Militant solon blames DOLE for ‘bloody dispersal’ against striking Sumifru workers in ComVal

Oct. 12, 2018

DAVAO CITY, Philippines – A militant lawmaker hit out the Department of Labor and Employment (DOLE) 11 for the violent dispersal of workers of Japanese-owned banana firm Sumitomo Fruit Corp. (Sumifru) who went on strike in Compostela Valley Province.

Anakpawis Partylist Representative Ariel Casilao condemned the violent dispersal of striking workers in Compostela.

“We, more or less, have a clue of why the Duterte government is bitingly protecting the interest of the foreign monopoly firm, Japanese fruit firms pledged P12.9 billion of investments in plantation expansion operations,” Casilao said.

Casilao held Labor Secretary Bello accountable for issuing an AJ order. He said the violent dispersal is part of the martial rule in Mindanao that aims to protect “the interest of big foreign monopoly firms and landlords against people’s unrest.”

Anakpawis likened the incident to the Hacienda Luisita Massacre in November 2014, where the violent dispersal was due to the AJ order of then-Labor Secretary Patricia Sto. Tomas.

“The Duterte administration, in its totality, is an anti-people and anti-poor regime. We urge the workers and other marginalized sectors of Mindanao, to stand firm in asserting their rights to land, wages, and democratic rights,” Casilao said.

Violence erupted on Thursday after several unidentified men accompanied by police and military broke the strike camps. Dispersal team allegedly fired several shots and mauled a score of workers that injured and traumatized them.

The banana workers were on strike for 11 days, paralyzing the operations of 7 out of 11 packing plants in Compostela Valley province.

They went on strike after the Sumifru refused to enter into a collective bargaining agreement (CBA) with the workers.

READ: Strike looms as Sumifru refuses to negotiate for regularization of workers

Nagkahiusang Mamumuo sa Suyapa Farm (NAMASUFA), in a statement, blamed the labour department and the local government of Compostela for backing up the joint AFP-PNP-Sumifru dispersal operation.

“We are enraged at the ferocity of the strike dispersal,” said NAMASUFA President Paul John Dizon.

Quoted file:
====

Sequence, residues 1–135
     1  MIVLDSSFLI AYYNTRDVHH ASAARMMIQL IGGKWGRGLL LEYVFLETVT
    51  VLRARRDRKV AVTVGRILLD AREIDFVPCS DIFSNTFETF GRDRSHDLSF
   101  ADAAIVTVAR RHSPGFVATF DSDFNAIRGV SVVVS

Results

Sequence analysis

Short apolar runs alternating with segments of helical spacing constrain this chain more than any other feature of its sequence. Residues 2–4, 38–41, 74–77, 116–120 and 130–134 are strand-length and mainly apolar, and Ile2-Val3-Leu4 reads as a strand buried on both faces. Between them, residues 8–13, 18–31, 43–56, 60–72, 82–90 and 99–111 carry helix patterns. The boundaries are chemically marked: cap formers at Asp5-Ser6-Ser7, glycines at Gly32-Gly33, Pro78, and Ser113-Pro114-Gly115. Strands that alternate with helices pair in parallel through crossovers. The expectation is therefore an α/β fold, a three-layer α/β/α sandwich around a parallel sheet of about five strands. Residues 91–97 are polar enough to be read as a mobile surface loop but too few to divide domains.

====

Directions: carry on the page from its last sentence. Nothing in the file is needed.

“We are ordinary workers who won a case at the Supreme Court and are merely claiming that victory by demanding a CBA. We kept all lines of communication open, we were willing to talk to Sumifru, but they shut the door on us and instead, mustered all their political muscle to secure an Assumption of Jurisdiction (AJ), which the DOLE and Sec. Bello immediately granted. It is unfair, callous, and unjust,” Dizon stressed.

On its June 2017 decision, Supreme Court recognized that a formal employer-employee relationship exists between Sumifru and NAMASUFA members.

READ: Comval plantation workers strike paralyzes Japanese-owned banana company

“This was a valid strike. We have exhausted all avenues, even reaching the Supreme Court. Yet Sumifru still refuses to acknowledge us as a union empowered to bargain with them. We filed all the necessary documents and undertook the arduous process to wage a legal strike,” Dizon added.

The union insisted that the destruction of property and demolition of the strike camps were “carried out without a court order.”

They also deplored DOLE’s AJ as a “blatant violation of workers’ right to strike’, and considers it as a “pro-capitalist political tool which legitimizes violence against a union only asserting their legitimate claim to collectively bargain.”

DOLE issued an AJ, compelling the workers to return to work. It also stated that the company is losing P38 million per day and “that any stoppage of the company’s adversely affecting public good and public interest.”

But Melodina Gumanoy, secretary of NAMASUFA, slammed DOLE’s decision for favoring the interests of foreign capitalists like Sumifru instead of the workers.

“Out of millions of Sumifru’s profit, we’re only asking for around P1 million for a salary increase and benefits for us banana workers,” Gumanoy said.

She said their union already received an AJ in 2006, but nothing happened on their demand for the regularization of the contractual workers of the company.

“We would only go back to work if the company will recognize us as regular workers and we have our CBA,” Gumanoy said.

After the incident, the union intends to file cases of human rights violations and a complaint with the International Labour Organization (ILO).

Davao Today tried to get DOLE Region 11’s comment on the violent dispersal on ComVal, but it has yet to issue a statement as of posting. Also, Compostela LGU has yet to issue an official statement about the bloody dispersal incident.(

comments powered by Disqus